Yet, there is a second trend of interest in Figure 1 that is not obvious at first. Note less variation in the line representing voter turnout of the age group most likely to vote (65 and older). This compares to a line with comparatively more movement for 18 to 24 year olds. This extra volatility in aggregate youth voting suggests there may be factors in play which influence youth voter turnout that do not affect other age groups. We are suggesting that the relative age of the candidates running might explain some of the extra variation.

Figure 1 – Voter Turnout in U.S. National Elections: 1978-2012

Scraufnagel Fig 1

In our experiment, we test respondent’s commitment to vote in a race with two old candidates running, a race with one old and one young candidate running, and a race with two young candidates. We used a sample of 691 young Americans, between 18 and 25, who were told that they were involved in research on candidate image. Approximately one-third of the students saw each of the three pairs of photographs.

All photos were of white males to control for possible racial and gender effects on a commitment to vote. The experiment also used two sets of six photographs to control for the possibility that a particular set of photographs was driving the results. As a screen for our true test, students were asked which candidate they would be more likely to vote for,  and then, their likelihood of voting in each race on a scale ranging from ″1″ to ″10″ with ten representing the strongest commitment to vote.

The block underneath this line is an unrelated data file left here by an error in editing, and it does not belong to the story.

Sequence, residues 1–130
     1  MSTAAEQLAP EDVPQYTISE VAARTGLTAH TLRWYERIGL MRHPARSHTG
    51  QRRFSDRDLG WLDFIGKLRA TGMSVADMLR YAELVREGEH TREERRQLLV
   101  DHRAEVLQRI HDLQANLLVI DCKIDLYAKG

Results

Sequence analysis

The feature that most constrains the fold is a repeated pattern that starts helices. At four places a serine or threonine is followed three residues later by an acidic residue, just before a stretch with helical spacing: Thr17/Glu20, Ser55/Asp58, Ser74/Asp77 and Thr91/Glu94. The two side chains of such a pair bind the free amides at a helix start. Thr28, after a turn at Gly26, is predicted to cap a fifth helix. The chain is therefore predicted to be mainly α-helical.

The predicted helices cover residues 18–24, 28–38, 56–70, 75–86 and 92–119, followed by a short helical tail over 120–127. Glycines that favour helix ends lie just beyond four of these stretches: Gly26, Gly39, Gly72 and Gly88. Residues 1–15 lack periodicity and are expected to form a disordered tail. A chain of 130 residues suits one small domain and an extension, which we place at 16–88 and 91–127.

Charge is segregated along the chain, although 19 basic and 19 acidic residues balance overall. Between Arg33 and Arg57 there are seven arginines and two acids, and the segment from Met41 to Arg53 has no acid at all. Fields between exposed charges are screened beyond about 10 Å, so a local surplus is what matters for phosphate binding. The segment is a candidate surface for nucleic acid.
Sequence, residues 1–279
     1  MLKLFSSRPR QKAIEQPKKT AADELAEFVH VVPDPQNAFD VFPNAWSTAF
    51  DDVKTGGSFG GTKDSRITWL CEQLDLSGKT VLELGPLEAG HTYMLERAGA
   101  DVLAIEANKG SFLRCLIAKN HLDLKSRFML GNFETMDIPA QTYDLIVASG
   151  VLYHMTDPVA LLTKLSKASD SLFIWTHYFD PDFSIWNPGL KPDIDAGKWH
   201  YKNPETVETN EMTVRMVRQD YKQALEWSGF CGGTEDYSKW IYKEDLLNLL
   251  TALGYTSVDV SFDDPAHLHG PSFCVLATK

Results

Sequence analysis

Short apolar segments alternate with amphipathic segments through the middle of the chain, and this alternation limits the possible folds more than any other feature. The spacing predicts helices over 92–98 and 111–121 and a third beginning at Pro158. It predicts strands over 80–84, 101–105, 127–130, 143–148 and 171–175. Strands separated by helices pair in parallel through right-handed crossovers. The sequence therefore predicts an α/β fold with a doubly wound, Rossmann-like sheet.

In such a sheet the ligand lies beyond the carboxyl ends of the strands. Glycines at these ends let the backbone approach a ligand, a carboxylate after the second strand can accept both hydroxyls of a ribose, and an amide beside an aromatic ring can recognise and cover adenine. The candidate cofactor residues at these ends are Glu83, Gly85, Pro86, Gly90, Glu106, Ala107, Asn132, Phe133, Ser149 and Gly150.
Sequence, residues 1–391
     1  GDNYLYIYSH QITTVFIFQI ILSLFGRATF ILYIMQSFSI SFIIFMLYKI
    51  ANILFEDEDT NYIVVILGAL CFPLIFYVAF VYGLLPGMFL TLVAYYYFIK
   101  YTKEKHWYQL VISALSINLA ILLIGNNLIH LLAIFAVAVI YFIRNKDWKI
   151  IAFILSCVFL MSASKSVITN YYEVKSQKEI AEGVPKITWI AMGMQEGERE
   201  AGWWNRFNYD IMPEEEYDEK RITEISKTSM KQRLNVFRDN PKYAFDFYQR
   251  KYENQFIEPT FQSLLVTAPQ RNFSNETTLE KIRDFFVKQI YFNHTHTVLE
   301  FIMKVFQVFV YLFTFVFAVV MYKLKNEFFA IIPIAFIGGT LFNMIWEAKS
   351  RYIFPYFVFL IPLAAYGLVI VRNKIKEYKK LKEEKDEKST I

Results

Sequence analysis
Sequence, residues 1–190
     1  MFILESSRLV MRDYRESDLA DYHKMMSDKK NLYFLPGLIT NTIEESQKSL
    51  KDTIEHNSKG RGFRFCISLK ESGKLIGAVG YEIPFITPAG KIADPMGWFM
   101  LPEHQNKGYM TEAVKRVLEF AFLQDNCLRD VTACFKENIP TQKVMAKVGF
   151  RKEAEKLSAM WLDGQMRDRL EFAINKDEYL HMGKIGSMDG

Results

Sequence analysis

In the end, we ran carefully constructed statistical models; however, as shown in Figure 2, a simple two-way test of the association between a commitment to vote and the photos makes our general finding clear.

Figure 2 – The Effect of Candidate Age on Young American’s Willingness to Vote

Scraufnagel Fig 2

Note the increased commitment to vote when there were two younger candidates running.  The differences between each of the three groups meet standard expectations for statistical significance. When we add control variables the differences become even sharper and we learn the odds of moving from one value on the commitment to vote scale to the next value in a positive direction is 1.37 times greater when there is one young candidate running and this grows to 1.56 times greater when there are two young candidates running.